Learning the ropes: Jane Franco, left, chats to Christina Murray, Professor of Public Law, during the workshop for emerging researchers recently held in Stellenbosch.
Under the inspiring leadership of Professor Danie Visser, and in collaboration with the Research Office, the Law Faculty recently completed an extremely successful three-day retreat at Montfleur near Stellenbosch - the aim of which was to provide aspirant researchers with the tools they need for success.
This workshop, attended by 19 researchers, is part of a new Research Development Project being facilitated within UCT's Research Office, which has the objective of ensuring that this University is indeed a "research-led" institution.
Each of the participants had identified a topic to submit for accredited publication. The retreat was led by nine dedicated senior staff members from the Law Faculty, who provided a "safe" and nurturing environment for the discussion and development of each person's draft article.
Besides introductory presentations on the context of the project by the Research Office and generic input by the Law Faculty experts, each emerging researcher had the opportunity to present and workshop their draft with their peers and experienced leaders in the field.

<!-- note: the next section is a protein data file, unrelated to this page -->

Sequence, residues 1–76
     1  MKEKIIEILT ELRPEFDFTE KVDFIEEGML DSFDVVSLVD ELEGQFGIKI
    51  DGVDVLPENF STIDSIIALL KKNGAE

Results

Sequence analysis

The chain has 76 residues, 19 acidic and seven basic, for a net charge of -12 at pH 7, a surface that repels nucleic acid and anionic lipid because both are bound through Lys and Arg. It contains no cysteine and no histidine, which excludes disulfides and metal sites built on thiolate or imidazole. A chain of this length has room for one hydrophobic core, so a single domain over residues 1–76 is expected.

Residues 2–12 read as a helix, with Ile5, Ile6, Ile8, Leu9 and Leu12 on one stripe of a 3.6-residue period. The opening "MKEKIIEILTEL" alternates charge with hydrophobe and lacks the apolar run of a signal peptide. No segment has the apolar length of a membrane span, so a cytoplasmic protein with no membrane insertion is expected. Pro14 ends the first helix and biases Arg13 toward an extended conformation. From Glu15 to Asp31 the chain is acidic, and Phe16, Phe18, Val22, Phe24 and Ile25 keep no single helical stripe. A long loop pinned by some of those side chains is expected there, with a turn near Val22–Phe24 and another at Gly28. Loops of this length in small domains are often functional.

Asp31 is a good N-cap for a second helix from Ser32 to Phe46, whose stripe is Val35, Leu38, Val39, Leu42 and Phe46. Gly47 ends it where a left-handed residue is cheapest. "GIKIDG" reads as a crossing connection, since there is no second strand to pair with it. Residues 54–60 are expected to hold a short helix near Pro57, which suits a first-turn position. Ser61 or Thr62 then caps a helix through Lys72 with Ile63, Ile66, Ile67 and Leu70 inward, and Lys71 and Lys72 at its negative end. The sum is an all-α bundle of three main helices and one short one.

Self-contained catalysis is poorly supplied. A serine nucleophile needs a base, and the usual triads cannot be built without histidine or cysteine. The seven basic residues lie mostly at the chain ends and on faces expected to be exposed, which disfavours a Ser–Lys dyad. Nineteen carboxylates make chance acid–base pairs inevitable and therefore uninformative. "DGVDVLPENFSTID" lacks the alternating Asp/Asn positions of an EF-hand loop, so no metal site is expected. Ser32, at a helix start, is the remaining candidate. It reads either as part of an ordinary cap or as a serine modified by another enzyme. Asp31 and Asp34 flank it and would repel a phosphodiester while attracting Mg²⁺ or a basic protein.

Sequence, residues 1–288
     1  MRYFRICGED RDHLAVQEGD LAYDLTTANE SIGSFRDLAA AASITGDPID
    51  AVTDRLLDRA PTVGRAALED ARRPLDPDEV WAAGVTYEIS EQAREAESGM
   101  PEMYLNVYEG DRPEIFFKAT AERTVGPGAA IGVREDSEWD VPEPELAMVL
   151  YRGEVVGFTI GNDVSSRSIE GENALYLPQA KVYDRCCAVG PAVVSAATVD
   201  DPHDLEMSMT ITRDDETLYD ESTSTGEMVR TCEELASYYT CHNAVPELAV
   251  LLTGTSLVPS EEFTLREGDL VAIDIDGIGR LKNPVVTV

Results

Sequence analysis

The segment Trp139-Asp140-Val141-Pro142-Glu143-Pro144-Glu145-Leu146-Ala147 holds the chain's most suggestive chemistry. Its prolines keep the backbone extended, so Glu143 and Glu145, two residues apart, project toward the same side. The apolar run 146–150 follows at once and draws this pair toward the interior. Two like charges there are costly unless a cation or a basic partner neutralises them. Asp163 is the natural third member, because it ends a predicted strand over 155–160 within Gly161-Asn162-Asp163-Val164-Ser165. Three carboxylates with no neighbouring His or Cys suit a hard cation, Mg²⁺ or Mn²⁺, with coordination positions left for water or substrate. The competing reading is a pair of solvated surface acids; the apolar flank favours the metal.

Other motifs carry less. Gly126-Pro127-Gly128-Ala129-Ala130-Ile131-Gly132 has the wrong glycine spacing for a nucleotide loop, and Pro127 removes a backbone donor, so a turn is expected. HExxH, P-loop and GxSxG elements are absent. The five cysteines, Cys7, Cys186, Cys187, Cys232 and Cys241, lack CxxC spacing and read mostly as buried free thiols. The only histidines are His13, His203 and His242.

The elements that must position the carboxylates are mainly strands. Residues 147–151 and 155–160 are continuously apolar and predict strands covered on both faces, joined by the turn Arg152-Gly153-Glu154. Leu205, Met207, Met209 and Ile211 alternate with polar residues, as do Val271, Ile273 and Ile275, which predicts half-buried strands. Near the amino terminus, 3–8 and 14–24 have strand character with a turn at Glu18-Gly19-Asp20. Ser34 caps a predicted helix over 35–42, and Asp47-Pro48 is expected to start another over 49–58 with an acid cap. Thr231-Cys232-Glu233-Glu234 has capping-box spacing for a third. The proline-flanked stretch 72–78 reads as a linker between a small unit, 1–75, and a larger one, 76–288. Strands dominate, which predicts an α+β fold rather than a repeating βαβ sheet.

It is hoped that the other faculties will follow suit in planning similar interventions in conjunction with the support offered by the Research Office.
The reasoning behind this project comes out of UCT's need to develop new research capacity as well as retain existing expertise on an institutional as well as national level, as has been well documented.
The fact that UCT's rated researchers are passing through the system without sufficient attention being given to developing the next cadre of top researchers is of grave concern.
In this context, and in accordance with the Vice-Chancellor's vision for UCT to be an outstanding research university, a proposal on support strategies for developing and retaining research capacity was submitted to donors through the Development Office in September 2001.
Continuous consultation with the faculties as well as examples of best practice informed the proposal, and on receipt of funding from a donor (who wished to remain anonymous) in September 2002, the initiative was formally launched through a number of presentations to the Deans, Chairs of the Faculty Research Committees and the HODs.
The proposal was predicated on the fact that research support needs to be proactive, should enhance, rather than endanger, academic autonomy and that it should add value.
It further considers effective research capacity building as an ongoing process which includes the following activities (based in Research & Innovation): environmental scans (to track trends and changes and inform policy) identifying and promoting opportunities, building relations, accessing funding, providing advice and support, checking on financial and legal issues, monitoring and reporting (especially to funders), facilitating networks, partnerships and collaboration, facilitating exploitation of intellectual property, and developing appropriate procedures and strategies.